Government could nationalise water - Key
The Government could "ultimately" pass legislation to nationalise water but Prime Minister John Key says he doesn't believe it's necessary.
Key has rejected calls for a national settlement on water after a hui of more than 1000 Maori last week said the Government must negotiate a national framework for recognising Maori rights and interests before selling shares in four state-owned power companies.
The hui, convened by Maori King Tuheitia, has warned Maori will take a challenge to court if the Government continues with its programme which the Waitangi Tribunal has said would breach the Treaty of Waitangi.
In July, Key said the Government would not use legislation to override Maori interests in water with foreshore and seabed-type law.
Today he said the Government "could ultimately pass legislation" to nationalise elements such as water and wind.
"We've nationalised oil and gas and other resources back in the late 30s," he told TVNZ's Breakfast programme.
"I don't think that's necessary and I think my view is widely held by a lot of New Zealanders. If it was holding New Zealand back, sure we could arguably go and do that but that's not where I see these things going."
The Government insists no one owns water despite King Tuheitia last week claiming it was owned by Maori.
Key rejected claims by King Tuheitia's spokesman Tuku Morgan that he was "culturally ignorant".
"He can make any claims he likes. The Maori King entitled to a different view to mine, it doesn't mean I'm culturally ignorant."
No "particular group" owned natural resources such as water, fire, air and wind, which were available for the mutual benefit of all New Zealanders, Key said.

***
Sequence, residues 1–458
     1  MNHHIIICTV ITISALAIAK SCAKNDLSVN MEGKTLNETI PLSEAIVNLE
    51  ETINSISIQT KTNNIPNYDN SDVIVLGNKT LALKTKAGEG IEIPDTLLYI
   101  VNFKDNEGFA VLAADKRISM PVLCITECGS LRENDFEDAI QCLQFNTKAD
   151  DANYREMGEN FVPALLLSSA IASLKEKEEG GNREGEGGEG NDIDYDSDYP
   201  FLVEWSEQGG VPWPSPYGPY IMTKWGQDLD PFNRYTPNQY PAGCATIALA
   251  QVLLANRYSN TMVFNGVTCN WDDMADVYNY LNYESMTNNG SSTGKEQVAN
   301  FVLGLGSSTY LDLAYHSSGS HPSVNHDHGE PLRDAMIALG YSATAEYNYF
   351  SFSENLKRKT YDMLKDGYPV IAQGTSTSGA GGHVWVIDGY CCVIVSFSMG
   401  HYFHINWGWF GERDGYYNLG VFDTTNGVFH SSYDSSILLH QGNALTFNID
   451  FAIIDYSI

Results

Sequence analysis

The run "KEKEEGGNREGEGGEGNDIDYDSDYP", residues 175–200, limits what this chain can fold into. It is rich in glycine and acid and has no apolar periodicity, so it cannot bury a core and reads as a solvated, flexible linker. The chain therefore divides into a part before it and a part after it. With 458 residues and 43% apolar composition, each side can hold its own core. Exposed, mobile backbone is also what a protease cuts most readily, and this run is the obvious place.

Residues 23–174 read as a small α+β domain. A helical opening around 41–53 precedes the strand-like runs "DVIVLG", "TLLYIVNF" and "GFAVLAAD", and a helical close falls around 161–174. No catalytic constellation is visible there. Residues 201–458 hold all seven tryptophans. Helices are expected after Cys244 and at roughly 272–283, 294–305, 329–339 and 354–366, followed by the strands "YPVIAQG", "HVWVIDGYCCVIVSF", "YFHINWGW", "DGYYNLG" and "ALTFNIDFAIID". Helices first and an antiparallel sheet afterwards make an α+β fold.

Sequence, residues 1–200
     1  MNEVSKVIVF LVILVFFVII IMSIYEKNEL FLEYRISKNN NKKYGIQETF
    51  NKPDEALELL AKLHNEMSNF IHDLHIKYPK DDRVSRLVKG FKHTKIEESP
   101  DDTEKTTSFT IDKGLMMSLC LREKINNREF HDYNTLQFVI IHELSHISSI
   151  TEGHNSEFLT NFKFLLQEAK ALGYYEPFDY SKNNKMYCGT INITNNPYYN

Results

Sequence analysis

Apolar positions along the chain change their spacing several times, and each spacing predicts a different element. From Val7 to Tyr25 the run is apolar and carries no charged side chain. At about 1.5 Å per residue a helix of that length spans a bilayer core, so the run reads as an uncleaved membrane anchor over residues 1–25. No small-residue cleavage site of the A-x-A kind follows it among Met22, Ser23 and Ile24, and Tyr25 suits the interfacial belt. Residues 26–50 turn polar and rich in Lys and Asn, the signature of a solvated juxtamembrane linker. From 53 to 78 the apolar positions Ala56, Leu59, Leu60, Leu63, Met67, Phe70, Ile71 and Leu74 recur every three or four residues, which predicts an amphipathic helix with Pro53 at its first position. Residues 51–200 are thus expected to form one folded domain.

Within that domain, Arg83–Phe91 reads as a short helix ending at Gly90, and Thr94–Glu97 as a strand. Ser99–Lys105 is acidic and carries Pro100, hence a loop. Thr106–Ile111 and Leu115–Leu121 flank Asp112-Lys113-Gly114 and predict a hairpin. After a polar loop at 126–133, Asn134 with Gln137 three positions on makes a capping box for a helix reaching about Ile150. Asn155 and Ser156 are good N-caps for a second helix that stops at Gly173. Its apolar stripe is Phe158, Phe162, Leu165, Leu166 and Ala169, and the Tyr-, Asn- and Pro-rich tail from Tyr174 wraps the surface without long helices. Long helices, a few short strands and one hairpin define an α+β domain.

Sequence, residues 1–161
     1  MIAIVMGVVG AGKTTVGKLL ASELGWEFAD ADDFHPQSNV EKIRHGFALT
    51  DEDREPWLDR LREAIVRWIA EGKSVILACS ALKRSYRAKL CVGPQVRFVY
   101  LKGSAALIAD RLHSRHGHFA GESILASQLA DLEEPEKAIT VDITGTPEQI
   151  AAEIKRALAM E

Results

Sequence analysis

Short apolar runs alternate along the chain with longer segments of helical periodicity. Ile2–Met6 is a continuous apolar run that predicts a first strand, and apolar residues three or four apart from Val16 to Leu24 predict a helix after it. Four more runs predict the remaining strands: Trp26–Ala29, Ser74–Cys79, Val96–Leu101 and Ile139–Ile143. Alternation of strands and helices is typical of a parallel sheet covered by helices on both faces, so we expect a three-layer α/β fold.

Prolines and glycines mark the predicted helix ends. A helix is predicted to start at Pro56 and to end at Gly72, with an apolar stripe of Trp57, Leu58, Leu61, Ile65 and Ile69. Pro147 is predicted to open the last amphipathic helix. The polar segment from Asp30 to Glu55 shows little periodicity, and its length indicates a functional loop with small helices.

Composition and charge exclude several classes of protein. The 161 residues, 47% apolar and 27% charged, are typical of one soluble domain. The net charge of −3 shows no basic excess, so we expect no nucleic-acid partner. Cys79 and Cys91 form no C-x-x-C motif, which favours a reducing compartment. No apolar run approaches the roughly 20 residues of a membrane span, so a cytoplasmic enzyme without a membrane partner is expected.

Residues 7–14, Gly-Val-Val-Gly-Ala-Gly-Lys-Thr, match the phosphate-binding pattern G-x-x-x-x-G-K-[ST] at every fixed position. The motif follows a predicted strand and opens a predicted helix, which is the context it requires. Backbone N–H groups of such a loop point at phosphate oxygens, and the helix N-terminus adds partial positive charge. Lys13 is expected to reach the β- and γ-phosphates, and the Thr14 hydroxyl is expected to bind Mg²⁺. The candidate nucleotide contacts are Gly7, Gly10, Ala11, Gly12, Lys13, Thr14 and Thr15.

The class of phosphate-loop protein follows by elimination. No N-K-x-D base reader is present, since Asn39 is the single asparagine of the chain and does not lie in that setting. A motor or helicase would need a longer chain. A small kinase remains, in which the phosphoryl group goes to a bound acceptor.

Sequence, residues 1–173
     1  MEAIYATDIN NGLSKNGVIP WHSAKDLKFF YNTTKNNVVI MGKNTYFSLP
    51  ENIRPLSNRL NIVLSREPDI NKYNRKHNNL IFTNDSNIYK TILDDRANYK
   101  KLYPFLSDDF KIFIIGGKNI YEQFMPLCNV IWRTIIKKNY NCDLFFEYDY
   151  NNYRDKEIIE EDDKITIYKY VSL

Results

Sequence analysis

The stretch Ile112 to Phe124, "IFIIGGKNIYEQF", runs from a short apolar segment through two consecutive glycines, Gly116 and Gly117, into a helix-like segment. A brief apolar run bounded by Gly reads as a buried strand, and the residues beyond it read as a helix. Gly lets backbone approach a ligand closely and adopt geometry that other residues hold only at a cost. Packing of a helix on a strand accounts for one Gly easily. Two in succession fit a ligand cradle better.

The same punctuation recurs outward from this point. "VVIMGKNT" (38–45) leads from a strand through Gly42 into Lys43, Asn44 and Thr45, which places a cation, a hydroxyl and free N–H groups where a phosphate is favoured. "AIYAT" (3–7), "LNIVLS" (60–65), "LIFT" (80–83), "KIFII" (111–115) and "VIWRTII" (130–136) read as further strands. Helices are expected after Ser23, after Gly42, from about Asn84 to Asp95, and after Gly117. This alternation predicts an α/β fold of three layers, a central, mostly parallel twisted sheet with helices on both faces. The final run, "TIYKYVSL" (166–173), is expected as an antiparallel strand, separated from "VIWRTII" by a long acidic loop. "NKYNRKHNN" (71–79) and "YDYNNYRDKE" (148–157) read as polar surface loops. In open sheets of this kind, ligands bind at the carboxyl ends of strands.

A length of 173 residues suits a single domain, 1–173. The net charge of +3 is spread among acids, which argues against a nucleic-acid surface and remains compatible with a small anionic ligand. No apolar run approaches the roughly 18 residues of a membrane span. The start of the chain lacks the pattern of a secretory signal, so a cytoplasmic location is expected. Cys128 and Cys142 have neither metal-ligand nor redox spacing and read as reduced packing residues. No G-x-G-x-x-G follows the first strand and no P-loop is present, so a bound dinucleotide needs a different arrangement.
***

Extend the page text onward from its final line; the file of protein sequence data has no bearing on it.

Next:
Key said he wouldn't recognise the view of the hui and the Maori Council which took a claim to the Tribunal.
"I don't think it's right. If someone wants to take that land grab, they can give it a go," he told Radio Live.
The Government couldn't find any merit in the Tribunal's recommendation Maori be offered "shares plus" in the power company floats which could include veto rights, but Key denied its five-week consultation process with affected iwi was a farce.
"We are open minded, if we missed something, and iwi are coming up to us and saying 'here's a different perspective', then of course, we'd look at that," he told Newstalk.
The unity of the national hui has already been challenged by the Iwi Leaders Group which has been negotiating with the Government.
Key refused to attend the hui and forbid National's Maori MPs to attend.
Earlier this month the row over water rights forced the Government to announce it was delaying the first of its partial asset sales, Might River Power, until next year.